Local workforce must lead development



Amani Mohammed wrote in the UAE newspaper Al Ittihad that a recent study by a Japanese researcher on the Emirati demographic composition revealed nothing new. It simply highlighted the already known fact that the demographic imbalance is due to the increasing number of unskilled workers, who constitute more than a half of the whole population. This problem has emerged since the establishment of the Union, which led many to raise this issue and call for drafting fair laws to control the situation. Another report by The New York Times showed resentment among Emiratis about the employment of foreigners and the better occupational privileges they receive. Accordingly, most UAE citizens prefer the public sector, which offers better opportunities.

The job market reflects this reality. The study also showed that the lack of incentives in some companies fails to retain employees. Nor does it help their human resources to give their best. "To be able to efficiently produce, employees need first to develop loyalty to the organisation." Without motivating Emiratis and treating them fairly, the private sector will remain a centrifugal working environment. Moreover, without the active participation of citizens, there will be no real development that will focus on the country.

In a lead article, the pan-Arab newspaper Al Quds al Arabi decried the retreat of Egypt's role in Africa so that the Nile river upstream countries were encouraged to draft an agreement entitling them to implement water projects without reference to downstream countries. The Egyptian press also criticised the lax Egyptian attitude concerning this serious issue that threatens the Nile flow and thereby the Egyptian share of its waters as stipulated in international treaties.

Another intervening factor causing the present crisis is, reportedly Israeli interference in the "revolting Nile countries". Some also argued that the upstream states behaved in this way in retaliation for Egypt's strict policy against infiltrators coming from those countries. The Egyptian foreign minister, Ahmed Abul Gheit, rejected similar accusations earlier this week, claiming that Egypt had the highest diplomatic representation in Africa. "He might be right, but he ignored that diplomatic efficiency outweighs the size of representation," the newspaper noted. For diplomacy to be successful, it needs first a well-informed strategy and well-qualified experts to implement it. These two perquisites are needed this time. And for these reasons, Israel is taking over the scene, while upstream countries have grown aware of the fact that water is currently as strategic as oil.

Commenting on the possibility of calling on international forces to maintain security in the West Bank in the event of an agreement on the establishment of an independent Palestinian state, Salah al Qallab wrote in an opinion piece for the Kuwaiti newspaper Al Jareeda that this suggestion was old one. The same recommendation was brought into focus during Oslo talks in the 1990s and also repeated in the wake of the Israeli retreat from the Gaza Strip.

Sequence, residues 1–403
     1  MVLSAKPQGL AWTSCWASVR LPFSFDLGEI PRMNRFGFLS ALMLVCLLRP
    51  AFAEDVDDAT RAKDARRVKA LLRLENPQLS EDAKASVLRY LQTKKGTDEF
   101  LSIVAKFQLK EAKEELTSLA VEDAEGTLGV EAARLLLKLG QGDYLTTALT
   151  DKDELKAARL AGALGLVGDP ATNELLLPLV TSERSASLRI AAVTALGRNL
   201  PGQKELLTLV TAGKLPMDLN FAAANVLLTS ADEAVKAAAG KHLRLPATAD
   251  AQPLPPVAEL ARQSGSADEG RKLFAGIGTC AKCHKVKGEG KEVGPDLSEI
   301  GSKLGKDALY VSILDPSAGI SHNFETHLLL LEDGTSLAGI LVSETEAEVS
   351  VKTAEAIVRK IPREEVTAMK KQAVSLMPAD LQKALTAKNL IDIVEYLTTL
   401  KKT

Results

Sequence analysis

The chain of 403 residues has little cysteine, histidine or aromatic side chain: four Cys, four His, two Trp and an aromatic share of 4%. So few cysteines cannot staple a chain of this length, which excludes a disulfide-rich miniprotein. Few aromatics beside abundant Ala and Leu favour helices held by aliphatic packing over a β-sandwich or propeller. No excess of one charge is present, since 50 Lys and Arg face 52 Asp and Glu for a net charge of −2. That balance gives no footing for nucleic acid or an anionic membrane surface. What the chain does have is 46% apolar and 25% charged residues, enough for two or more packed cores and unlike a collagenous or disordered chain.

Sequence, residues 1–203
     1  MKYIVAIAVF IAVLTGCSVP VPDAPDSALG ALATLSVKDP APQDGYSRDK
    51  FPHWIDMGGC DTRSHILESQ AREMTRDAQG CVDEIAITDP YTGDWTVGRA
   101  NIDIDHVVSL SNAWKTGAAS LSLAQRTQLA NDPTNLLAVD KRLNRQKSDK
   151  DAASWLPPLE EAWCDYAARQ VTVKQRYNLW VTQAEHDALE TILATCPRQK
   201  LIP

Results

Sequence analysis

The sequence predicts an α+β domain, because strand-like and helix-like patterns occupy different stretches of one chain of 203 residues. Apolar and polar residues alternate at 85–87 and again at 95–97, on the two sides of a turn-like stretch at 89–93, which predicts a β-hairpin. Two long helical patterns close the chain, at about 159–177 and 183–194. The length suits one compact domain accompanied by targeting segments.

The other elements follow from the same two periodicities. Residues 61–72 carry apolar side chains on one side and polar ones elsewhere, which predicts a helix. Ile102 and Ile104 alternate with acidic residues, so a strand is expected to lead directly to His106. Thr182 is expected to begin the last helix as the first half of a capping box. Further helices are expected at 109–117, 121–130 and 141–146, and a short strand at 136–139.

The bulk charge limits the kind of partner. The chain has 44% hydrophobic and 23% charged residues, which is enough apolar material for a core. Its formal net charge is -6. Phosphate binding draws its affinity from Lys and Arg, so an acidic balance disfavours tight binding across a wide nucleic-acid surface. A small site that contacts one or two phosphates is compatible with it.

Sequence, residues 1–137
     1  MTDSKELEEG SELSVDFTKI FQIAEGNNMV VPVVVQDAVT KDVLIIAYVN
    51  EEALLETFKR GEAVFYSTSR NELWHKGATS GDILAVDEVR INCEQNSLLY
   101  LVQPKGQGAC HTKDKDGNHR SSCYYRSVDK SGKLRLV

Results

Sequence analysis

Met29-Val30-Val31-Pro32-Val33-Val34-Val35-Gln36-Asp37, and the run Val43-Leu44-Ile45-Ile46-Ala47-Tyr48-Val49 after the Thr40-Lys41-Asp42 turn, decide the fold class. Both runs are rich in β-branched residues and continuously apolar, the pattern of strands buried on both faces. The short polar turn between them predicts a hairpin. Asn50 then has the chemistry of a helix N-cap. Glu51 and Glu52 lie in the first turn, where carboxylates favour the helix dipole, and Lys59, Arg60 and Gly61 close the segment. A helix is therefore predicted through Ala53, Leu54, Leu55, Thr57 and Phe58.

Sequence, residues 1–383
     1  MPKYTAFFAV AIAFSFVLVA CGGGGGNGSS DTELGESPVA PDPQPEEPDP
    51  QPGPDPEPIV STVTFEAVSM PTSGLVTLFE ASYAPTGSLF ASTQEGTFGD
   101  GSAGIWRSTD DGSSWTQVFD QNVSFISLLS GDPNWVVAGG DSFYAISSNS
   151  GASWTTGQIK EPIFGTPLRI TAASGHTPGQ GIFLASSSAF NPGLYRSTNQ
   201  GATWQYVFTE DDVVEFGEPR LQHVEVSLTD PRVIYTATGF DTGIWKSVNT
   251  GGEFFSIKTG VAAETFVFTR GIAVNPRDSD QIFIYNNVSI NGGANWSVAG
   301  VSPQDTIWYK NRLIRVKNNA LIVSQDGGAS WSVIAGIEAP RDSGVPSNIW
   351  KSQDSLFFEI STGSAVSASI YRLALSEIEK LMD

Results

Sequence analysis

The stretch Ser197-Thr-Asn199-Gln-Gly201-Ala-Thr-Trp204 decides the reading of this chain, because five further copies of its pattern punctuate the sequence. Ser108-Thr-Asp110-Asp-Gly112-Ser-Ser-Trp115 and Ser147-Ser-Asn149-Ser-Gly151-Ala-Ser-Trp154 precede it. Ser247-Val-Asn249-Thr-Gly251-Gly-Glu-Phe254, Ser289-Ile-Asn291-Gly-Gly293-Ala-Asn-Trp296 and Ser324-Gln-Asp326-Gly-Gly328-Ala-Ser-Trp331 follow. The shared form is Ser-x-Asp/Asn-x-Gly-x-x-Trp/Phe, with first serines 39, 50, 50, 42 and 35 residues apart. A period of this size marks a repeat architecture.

If this recommendation is offered, Palestinians should not hesitate in accepting it. Arabs should also support such an initiative because many newly independent states have resorted to it. This has happened in Europe, Africa and Asia. "It is a great opportunity that must be grabbed quickly and without hesitation. It is known that Israel has been against such an idea. This is because having international forces in the West Bank and near to Gaza's borders will end the Israeli claim over the Palestinian Occupied Territories." Palestinian negotiators, either now or in the future, should insist on the deployment of these forces who would provide protection for the future independent Palestinian state. Palestinians should willingly accept multinational troops in case it is difficult to bring in UN forces, given the present international political situation.

Before he flew to the Chadian capital N'Djamena to embark on an overland trip to Darfur, Khalid Ibrahim, the leader of the largest rebel group in the Sudanese province, should have kept in mind the Chadian president's recent visit to Khartoum," commented Ahmed Amorabi in the opinion section of the Qatari newspaper Al Watan. There, the Chadian president, Idriss Deby, signed a security agreement with his Sudanese counterpart, Omar Bashir, whereby the two countries would rein in armed opposition groups against each other's interests.

"It was a dramatic scene at the N'Djamena airport when the Chadian authorities barred Mr Ibrahim and his group from exiting the commercial aircraft that had carried them from the Libyan capital Tripoli. The authorities went even further: they ripped apart their passports." The irony is that the Chadian government has previously signed security deals with Sudan only to breach them in support for the armed rebels in Darfur. And since Chad's backing for the Darfur cause was forcibly dictated by France and other western powers, the question now is: why didn't the West react to Chad's move?

The short answer is: the West is letting down the Darfur rebels, and only the future will bring the answers why. * Digest compiled by Mostapha El Mouloudi melmouloudi@thenational.ae